Why are analysts so wrong?

August 24, 2009

Is there something faulty about the way Wall Street analysts look at the companies they cover?  Once again, with the latest quarterly earnings season about to end, the analysts have been wrong. This time, they have been way off the board wrong.

With 480 of the Standard & Poor’s index of 500 leading companies having reported, Thomson Reuters research has found that some 73 percent came in better than expected. Only 9 percent of consensus projections were right and 19 percent came in worse than expected.

To a certain extent, this is not suprising. The consensus heading into the latest quarter was made gloomy by the state of the world economy and a lot of stock market losses over the past couple of years. You can be over-pessimistic just as easily as you can be over-optimistic.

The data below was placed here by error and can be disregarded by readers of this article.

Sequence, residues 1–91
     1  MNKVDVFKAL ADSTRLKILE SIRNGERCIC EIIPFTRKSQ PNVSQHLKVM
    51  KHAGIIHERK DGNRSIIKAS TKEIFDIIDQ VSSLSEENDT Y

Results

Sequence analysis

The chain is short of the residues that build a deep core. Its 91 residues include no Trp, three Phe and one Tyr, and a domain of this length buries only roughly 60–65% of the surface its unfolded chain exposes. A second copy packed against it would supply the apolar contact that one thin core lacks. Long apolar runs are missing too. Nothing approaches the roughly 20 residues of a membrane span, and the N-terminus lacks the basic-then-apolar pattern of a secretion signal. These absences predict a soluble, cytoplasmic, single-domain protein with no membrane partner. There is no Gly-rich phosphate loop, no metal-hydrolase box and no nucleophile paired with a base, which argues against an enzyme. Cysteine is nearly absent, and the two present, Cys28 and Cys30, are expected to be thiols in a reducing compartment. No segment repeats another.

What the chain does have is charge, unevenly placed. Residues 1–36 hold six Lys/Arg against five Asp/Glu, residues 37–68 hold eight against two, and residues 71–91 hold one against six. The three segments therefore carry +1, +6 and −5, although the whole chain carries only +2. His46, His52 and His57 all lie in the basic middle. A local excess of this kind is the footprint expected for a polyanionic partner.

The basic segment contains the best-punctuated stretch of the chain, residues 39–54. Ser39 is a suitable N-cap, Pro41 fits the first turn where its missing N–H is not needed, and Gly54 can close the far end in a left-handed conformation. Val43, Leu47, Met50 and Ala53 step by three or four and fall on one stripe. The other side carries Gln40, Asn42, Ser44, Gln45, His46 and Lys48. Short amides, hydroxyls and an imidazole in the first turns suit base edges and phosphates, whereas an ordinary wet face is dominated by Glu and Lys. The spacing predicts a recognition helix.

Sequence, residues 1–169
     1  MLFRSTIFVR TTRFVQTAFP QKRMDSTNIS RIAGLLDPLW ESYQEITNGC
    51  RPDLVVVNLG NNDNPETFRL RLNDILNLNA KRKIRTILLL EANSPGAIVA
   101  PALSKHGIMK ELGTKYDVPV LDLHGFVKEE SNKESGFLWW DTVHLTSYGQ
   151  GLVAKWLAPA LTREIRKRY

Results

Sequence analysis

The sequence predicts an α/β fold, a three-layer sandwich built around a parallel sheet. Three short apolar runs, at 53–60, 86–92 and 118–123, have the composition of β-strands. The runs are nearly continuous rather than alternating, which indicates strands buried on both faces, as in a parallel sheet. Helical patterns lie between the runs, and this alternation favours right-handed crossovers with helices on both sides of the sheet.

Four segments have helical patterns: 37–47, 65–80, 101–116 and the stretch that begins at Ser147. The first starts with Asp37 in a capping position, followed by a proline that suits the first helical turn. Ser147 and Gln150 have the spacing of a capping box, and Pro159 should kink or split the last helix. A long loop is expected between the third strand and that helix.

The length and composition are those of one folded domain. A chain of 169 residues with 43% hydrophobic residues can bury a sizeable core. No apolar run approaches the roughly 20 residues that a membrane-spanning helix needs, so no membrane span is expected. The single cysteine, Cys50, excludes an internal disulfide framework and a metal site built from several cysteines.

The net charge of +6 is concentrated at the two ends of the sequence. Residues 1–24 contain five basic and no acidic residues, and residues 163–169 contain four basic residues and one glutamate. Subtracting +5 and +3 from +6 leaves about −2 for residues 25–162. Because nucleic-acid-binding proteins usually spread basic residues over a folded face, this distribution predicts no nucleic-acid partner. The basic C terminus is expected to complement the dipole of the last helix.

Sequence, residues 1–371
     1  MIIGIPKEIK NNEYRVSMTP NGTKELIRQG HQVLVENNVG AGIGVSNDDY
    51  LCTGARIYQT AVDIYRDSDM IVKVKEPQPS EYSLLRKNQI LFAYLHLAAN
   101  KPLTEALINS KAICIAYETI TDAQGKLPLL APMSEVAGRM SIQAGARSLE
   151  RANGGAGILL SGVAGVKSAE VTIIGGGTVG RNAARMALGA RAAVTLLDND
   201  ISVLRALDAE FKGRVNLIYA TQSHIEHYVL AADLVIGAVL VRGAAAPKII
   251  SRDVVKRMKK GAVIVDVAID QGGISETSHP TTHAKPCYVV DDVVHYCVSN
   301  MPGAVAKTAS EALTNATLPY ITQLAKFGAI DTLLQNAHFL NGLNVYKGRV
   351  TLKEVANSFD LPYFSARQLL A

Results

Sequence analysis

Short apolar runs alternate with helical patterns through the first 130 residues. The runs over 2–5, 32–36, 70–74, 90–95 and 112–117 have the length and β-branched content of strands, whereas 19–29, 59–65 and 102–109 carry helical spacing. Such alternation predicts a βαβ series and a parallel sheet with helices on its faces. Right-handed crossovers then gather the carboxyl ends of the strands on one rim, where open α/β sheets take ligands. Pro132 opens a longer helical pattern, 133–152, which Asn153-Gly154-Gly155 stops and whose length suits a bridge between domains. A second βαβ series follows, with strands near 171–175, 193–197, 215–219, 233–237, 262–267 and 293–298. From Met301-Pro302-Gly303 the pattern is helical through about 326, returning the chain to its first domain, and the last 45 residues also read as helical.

But the longer-term track record for analysts is not that much better than the latest offerings. Over the past eight quarters, 63 percent of companies beat estimates, 11 percent matched and 26 percent missed estimates.

So, two questions. Why are they wrong? And if they are so wrong, should anyone pay attention to them?


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jeremy, predicting the future of a stock or security is a tenous affair. unless you can calculte using the fundamental numbers and Visit the company to find out actual sales numbers and growth of orders, these analysts are mearly coddling their Clients and praying for good news. they make their money the old fashion way…it’s also known a CHURN or Buying and selling and or “advising”. If Psysics new the future then they’d surely invest… but they don’t! consider paying less attention to the number crunchers and use you gut instinct. Analysts are like weather people on TV… They can be 100% wrong every day in their forecasts and still keep their jobs..

Posted by Wilson | Report as abusive

Why are they wrong?
they are liars
And if they are so wrong, should anyone pay attention to them?
they are getting rich thru deception
they sould be in prisoned

Posted by bke | Report as abusive